RAWALPINDI, Pakistan (Reuters) - Tens of thousands of supporters on Tuesday cheered and threw flowers at the casket of a bodyguard executed for killing the governor of Pakistan’s most populous province over his call to reform a strict blasphemy law.
Security was tight at the funeral for Mumtaz Qadri, whom supporters consider a hero for killing popular Punjab governor Salman Taseer in 2011 who criticized the law that mandates the death penalty for insulting Islam or the Prophet Mohammad.
Police blocked off roads to Liaquat Bagh park in the city of Rawalpindi but thousands arrived on foot.
“He lives! Qadri lives!” supporters chanted, surrounding the coffin and throwing flowers. “From your blood, the revolution will come!”
Hard-line religious groups in Pakistan say Taseer deserved to die because he himself committed blasphemy by criticizing the law and supporting a Christian woman he said was unjustly charged with the crime.
But Qadri’s execution on Monday showed the Pakistani government’s willingness to risk the wrath of hard-line religious groups, who wield considerable power.
A Pakistani Taliban attack on a military-run school in Peshawar in 2014 that killed 134 children is seen as having hardened Pakistan’s resolve to fight militants and check the influence of religious groups.
Pro-Qadri demonstrations first broke out on Monday after word spread that he had been executed.
“Mumtaz Qadri is a hero of Islam. He sent to hell a person who showed disrespect for the holy Prophet,” Tahir Iqbal Chistie of the hard-line Sunni Tehreek movement said at one of Monday’s protests.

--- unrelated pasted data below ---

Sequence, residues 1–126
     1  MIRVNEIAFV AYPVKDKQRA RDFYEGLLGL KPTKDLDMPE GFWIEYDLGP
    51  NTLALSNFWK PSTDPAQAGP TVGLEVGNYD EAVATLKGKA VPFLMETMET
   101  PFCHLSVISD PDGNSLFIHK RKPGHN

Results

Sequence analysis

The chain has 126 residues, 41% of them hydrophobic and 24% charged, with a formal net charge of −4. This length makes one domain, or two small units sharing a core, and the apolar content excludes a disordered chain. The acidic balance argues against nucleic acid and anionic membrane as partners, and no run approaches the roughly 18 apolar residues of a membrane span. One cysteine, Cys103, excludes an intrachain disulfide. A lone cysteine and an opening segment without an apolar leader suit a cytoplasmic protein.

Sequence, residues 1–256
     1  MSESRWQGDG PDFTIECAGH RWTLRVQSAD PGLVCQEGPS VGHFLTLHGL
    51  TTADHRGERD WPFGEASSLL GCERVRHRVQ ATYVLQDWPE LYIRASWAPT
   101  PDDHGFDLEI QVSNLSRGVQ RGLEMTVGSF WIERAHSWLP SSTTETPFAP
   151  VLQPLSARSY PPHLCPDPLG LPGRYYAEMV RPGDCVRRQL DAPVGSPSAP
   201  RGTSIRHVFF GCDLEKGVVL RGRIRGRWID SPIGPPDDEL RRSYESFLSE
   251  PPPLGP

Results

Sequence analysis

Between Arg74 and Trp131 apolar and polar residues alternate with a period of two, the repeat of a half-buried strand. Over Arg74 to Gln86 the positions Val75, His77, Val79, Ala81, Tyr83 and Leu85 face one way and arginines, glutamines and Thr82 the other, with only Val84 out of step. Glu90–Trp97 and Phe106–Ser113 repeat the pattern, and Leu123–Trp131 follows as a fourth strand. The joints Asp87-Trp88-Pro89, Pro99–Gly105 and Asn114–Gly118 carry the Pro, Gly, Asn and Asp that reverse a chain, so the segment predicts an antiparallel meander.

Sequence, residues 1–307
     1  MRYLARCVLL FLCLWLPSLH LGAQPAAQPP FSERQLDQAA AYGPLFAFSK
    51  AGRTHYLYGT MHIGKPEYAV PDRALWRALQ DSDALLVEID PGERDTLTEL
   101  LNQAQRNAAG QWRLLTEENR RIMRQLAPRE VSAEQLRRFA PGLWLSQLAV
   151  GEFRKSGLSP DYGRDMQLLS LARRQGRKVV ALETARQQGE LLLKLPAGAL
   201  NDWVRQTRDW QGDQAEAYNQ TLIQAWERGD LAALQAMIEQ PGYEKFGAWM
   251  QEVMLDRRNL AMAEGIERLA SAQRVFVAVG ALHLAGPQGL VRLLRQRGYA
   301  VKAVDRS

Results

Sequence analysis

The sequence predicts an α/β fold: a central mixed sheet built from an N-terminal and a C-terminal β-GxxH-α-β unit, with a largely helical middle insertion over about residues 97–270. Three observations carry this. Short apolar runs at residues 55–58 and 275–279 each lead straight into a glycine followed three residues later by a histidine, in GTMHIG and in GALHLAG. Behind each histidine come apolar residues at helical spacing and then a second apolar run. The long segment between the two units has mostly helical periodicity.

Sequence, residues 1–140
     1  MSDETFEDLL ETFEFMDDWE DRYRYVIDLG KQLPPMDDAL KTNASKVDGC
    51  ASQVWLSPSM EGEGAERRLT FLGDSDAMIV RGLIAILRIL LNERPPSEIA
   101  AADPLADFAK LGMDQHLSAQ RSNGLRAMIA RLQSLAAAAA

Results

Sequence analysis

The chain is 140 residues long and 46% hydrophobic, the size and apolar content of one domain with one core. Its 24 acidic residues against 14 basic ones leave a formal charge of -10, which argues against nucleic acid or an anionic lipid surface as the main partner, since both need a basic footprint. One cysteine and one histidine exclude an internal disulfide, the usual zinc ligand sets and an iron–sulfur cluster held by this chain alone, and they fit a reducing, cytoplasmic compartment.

Stick-wielding Sunni Tehreek activists were maintaining security at Tuesday’s funeral.
Most participants at the funeral were religious and political workers of the Barelvi branch of Sunni Islam - identifiable by their distinctive green turbans - and members of Islamist parties.
The influential leader of the conservative Council of Islamic Ideology declined to endorse Qadri’s action.
“No one is above the law,” Mohammad Sherani told journalists, according to the Express Tribune newspaper. “I respect Qadri’s religious sentiments but I respect Pakistan’s constitution more.”
Controversy over the blasphemy law has exposed the growing gap between hard-line religious conservatives and liberals in Pakistan.
More than 100 people are charged with blasphemy and jailed each year in predominantly Muslim Pakistan, many of them Christians and other minorities. Critics say the law is often invoked in cases of personal disputes.
No one has yet been executed, but at least 65 people have been murdered in connection with blasphemy allegations since 1990, according to the Centre for Research and Security Studies and a Reuters tally.
Reporting by Faisal Mahmood and Mehreen Zahra-Malik; Writing by Kay Johnson; Editing by Nick Macfie